Private Browser Brave Called out for Binance Affiliate Links in Autocomplete, Community Trust Compromised

News and Analysis

Brave, a popular privacy-focused browser, has faced a backlash from the community after users noticed affiliate links popping up in the autocomplete form in the browser’s address bar. In a discussion on Twitter, Brave CEO Brendan Eich called the links in autocomplete a mistake and promised not to let such a thing happen again.

The recent autocomplete issue was highlighted in a post by a cryptocurrency podcast host Yannick Eckl (@cryptonator1337) on June 6th. When he tried to type in the URL, the autocomplete in the browser suggested an affiliate link with Brave’s identifier added.

Brave CEO Brendan Eich responded by calling the incident a mistake and assured that all links on the pages and URLs typed in are served as is, no hijacking.

Brave is known to be Binance’s partner. The browser offers a Binance widget integrating simple trading features into the user experience. The affiliate links included in the autocomplete suggestions haven’t been clearly presented or discussed with the community, which is why some felt like the developers tried to sneak the addition in.

Since Brave is heralded as being focused on privacy and putting users in control of ads they see, the community started questioning the credibility of the developers.

Importantly, Brave’s open-source code on GitHub included affiliate links to other websites as well. The Block’s researcher Larry Chermak tweeted about the same thing going out with Ledger, Trezor, and Coinbase. He mentioned that the links were originally discovered by Dimitar Dinev of JRR Group.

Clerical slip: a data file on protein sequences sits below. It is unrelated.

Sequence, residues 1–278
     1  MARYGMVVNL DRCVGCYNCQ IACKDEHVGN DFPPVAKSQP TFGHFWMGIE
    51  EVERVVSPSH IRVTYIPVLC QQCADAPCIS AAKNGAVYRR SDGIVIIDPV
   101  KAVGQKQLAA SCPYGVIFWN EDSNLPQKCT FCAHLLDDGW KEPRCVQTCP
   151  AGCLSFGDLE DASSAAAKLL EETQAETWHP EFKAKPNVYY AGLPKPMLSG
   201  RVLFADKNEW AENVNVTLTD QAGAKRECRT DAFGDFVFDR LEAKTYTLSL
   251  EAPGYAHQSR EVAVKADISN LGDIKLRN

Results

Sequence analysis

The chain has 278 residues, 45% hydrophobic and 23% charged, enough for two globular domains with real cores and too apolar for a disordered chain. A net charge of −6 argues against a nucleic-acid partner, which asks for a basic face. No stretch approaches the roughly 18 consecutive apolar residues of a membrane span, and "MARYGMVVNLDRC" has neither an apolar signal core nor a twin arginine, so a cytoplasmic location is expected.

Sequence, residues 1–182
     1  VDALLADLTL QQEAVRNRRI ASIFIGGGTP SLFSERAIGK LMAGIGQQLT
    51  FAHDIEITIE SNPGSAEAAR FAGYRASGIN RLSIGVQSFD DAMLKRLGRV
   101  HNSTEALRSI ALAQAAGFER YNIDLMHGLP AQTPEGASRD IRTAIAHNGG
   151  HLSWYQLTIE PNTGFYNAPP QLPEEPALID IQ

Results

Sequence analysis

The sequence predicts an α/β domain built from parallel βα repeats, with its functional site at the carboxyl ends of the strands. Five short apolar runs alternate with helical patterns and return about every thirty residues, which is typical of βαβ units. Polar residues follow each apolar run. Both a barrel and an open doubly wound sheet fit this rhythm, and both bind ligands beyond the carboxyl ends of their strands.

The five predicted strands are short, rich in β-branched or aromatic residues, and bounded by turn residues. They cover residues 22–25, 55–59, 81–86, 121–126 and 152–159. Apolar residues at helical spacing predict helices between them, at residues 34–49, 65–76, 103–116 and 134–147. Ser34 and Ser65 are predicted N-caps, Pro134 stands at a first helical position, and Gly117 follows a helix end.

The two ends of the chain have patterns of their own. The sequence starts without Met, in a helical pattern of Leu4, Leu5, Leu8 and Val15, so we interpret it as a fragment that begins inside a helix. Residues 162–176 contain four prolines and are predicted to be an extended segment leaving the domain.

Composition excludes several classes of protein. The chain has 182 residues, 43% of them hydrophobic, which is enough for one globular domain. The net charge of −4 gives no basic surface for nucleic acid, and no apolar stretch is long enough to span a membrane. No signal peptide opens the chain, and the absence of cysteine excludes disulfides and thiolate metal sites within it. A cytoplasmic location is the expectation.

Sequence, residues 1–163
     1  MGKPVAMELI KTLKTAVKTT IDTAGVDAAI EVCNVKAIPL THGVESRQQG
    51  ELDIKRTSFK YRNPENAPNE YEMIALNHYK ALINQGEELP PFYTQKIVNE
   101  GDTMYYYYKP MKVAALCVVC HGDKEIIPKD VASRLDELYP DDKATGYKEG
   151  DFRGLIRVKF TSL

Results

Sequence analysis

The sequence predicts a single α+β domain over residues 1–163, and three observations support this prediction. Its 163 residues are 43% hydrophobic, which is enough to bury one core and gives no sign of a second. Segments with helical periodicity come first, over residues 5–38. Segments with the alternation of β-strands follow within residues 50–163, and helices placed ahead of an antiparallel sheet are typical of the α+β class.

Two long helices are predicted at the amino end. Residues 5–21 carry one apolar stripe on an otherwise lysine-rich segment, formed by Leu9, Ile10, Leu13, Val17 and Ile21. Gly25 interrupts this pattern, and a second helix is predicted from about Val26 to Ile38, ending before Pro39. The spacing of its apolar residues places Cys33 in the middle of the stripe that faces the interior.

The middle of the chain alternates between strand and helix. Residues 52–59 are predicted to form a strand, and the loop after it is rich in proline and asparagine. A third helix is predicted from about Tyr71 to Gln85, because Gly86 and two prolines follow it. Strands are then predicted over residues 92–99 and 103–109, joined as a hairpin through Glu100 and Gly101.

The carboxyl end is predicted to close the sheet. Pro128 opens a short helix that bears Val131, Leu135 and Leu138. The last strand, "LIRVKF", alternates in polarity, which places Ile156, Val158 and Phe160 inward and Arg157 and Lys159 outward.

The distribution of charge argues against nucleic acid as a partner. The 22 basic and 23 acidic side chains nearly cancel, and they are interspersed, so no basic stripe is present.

Aside from adding an affiliate tag to,,,, and, the browser tagged search queries for bitcoin, btc, ethereum, eth, litecoin, ltc or bnb. 

It also turned out that Brave users have been noticing affiliate links in the browser as far back as 2018. In March 2020, there’s also been a debate about Brave’s promotion of eToro exchange

“This ignores the legally required disclosures for affiliate links—the disclosures that Brave also ignored for the eToro links in March. In the US, the FTC has required full disclosure of affiliate marketing since 2009—you have to put it right there on the page. Similar rules apply in the UK and the EU,” author and cryptocurrency critic David Gerard wrote.  

Brave’s Brendan Eich said that there’s a way to toggle the affiliate links in autocomplete in the browser settings and announced that the feature will be turned off by default in the following releases.

Notably, despite the generally negative response from the community, some users expressed their support to the project, emphasizing that Brave is still a privacy-focused browser that has advantages over products of Google and Facebook.

As of the press time, the latest version of the Brave browser available for download still came with affiliate links in autocomplete turned on.

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